[Haskell-cafe] whine and solution about programmers not respecting documentations

Albert Y.C.Lai trebla at vex.net
Mon Jun 28 15:44:34 EDT 2010

Some docs are in a miserable state of being incomplete.

And then some programmers are in a miserable state of not respecting docs
when the docs are complete.

Why should anyone expect

  deleteBy (>=) 5 [0..10]

to accomplish anything meaningful, if he/she respects the written docs?

Today someone on #haskell expected it to accomplish something meaningful,
even something mind-reading. The said person has been around for more than
a year, not eligible for the "newbie" excuse. The said person is just the
tip of an iceberg.

The doc of deleteBy states: "The deleteBy function behaves like delete, but
takes a user-supplied equality predicate." A precondition is that the
user-supplied predicate is an equality predicate. (>=) is not an equality
predicate, be it in the layperson sense of "it isn't analogous to (==)" or the
mathematical sense of "it isn't an equivalence relation".

If you respect the precondition or the authors of the doc, you should just
never use deleteBy (>=) 5 [0..10], much less expect any meaningful result.

I propose this solution:

For each of deleteBy, groupBy, unionBy... we can usually conceive at least two
implementations, behaving pretty much the same (answer, speed, space) when
given an equivalence relation (modulo some rare concern when the equivalence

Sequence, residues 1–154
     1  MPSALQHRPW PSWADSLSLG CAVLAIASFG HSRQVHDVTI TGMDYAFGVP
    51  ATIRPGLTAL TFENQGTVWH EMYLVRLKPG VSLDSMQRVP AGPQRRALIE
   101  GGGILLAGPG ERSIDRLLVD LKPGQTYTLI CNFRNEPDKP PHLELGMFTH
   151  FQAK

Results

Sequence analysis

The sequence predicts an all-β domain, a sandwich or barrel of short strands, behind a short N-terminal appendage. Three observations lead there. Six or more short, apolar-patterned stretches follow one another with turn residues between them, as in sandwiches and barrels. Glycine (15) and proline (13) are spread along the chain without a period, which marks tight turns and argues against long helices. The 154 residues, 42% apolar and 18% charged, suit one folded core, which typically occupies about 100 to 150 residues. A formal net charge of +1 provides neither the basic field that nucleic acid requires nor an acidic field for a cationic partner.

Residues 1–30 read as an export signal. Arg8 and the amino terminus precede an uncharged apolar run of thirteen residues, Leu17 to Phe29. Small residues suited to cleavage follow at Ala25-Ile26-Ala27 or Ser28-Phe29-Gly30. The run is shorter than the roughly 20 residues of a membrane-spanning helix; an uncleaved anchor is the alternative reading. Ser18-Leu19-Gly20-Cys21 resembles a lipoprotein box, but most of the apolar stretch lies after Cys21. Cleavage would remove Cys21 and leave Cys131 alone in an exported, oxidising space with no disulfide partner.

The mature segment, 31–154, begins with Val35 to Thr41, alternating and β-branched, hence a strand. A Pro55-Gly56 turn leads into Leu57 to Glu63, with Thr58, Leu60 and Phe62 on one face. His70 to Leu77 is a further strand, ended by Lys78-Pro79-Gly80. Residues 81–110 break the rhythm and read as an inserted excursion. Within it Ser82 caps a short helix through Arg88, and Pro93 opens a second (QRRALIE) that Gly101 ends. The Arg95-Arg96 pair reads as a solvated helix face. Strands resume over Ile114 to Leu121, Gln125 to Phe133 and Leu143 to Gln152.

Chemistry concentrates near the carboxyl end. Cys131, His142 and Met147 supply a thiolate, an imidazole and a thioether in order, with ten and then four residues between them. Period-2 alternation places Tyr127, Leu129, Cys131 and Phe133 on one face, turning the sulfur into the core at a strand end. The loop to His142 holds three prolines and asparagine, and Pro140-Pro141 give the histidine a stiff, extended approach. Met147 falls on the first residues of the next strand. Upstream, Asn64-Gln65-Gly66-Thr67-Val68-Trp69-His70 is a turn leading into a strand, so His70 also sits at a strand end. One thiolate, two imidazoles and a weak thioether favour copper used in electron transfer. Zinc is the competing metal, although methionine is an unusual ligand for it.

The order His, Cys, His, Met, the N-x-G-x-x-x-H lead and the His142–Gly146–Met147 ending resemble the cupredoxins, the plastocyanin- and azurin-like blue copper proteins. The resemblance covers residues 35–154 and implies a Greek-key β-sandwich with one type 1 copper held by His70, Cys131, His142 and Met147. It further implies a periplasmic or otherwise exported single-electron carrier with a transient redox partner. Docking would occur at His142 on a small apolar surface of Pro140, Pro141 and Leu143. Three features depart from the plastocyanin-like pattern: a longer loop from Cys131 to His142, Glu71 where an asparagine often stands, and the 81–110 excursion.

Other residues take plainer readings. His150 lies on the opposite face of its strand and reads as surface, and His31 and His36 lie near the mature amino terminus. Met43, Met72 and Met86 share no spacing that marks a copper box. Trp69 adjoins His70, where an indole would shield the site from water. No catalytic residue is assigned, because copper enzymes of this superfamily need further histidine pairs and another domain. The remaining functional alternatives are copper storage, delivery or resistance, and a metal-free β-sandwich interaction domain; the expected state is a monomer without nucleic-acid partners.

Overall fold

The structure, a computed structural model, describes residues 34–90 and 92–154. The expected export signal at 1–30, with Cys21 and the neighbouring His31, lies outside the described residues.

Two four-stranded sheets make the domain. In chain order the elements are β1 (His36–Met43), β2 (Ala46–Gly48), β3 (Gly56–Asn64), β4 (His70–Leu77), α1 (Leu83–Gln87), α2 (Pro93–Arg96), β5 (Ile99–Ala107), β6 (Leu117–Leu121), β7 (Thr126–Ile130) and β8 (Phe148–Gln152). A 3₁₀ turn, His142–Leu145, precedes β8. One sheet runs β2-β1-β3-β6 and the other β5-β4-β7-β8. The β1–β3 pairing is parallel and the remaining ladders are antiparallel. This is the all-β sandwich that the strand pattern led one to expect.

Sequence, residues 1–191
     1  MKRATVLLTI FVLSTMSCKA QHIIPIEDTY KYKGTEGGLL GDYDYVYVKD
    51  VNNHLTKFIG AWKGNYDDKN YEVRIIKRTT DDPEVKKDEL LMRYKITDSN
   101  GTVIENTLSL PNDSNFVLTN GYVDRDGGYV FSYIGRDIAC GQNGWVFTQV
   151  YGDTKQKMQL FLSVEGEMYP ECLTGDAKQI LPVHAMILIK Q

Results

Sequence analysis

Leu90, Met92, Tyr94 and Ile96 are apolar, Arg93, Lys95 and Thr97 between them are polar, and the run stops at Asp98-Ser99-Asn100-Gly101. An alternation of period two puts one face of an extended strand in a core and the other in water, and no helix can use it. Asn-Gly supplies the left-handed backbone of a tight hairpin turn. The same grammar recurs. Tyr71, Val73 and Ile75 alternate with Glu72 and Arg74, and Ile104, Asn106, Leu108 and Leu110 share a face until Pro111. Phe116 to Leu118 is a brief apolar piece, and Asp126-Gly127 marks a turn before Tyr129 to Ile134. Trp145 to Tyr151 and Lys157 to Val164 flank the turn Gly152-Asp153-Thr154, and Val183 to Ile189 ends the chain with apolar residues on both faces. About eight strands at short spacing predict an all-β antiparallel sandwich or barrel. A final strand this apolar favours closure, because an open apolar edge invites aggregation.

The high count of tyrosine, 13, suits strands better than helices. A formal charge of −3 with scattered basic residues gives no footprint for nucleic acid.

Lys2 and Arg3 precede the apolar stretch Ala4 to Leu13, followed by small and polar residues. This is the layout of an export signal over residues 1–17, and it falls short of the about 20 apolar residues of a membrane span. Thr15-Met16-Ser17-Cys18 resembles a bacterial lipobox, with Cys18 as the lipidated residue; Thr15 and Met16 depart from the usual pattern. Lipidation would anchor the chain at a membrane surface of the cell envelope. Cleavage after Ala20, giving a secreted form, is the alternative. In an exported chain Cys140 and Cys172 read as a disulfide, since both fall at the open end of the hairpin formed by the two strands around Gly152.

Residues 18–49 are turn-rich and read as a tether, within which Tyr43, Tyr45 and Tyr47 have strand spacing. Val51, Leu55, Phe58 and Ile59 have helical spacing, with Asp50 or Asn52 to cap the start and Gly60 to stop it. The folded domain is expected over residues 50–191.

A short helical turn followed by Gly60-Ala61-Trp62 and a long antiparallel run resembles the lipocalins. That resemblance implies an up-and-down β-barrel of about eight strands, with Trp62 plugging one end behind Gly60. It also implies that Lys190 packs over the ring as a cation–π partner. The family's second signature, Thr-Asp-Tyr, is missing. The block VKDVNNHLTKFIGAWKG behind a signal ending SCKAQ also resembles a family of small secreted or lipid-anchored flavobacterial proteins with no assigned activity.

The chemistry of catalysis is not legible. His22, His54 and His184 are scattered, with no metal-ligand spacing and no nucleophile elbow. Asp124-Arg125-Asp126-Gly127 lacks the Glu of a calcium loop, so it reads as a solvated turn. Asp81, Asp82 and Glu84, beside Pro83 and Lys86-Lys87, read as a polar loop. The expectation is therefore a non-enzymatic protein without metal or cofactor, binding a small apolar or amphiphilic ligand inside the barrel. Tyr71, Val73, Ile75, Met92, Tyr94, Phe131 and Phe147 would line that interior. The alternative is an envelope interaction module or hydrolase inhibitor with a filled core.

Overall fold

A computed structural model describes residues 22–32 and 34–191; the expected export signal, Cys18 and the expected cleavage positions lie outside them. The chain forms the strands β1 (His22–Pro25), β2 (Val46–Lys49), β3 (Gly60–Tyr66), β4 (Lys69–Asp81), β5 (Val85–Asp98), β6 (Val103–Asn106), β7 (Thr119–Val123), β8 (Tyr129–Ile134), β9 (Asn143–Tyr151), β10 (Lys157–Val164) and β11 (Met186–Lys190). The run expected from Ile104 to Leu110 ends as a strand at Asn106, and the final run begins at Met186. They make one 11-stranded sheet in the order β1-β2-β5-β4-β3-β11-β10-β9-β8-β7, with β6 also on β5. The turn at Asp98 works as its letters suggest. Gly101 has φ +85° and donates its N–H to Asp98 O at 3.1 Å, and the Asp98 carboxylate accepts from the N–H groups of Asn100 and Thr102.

relation has assymetric strictness properties), but behaving different when
not, and their code sizes are pretty much the same. With more imagination and
allowing some code bloat, perhaps we can conceieve more implementations. But
two suffices, really.

I propose that at each minor version of base, someone picks an implementation

Here is a more radical, less labour-intensive solution, if you don't mind a
judicious, correctness-preserving use of unsafePerformIO: at the first
invocation of the process lifetime, pick an implementation randomly.

The result frustrates people who disrespect the docs. My purpose is exactly
that. The goal is to give people an incentive to not disrepect the docs.

(If you think this is a nasty "stick, not carrot" incentive, on first thought I
would agree. On second thought, it is not adding a stick, it is just removing a
carrot. Programmer's carrot means his/her code "works" consistently. When
deleteBy (>=) "works" consistently, you are giving out undeserved free carrots
--- incentive to write more wrong code. I am proposing to remove undeserved
free carrots.)

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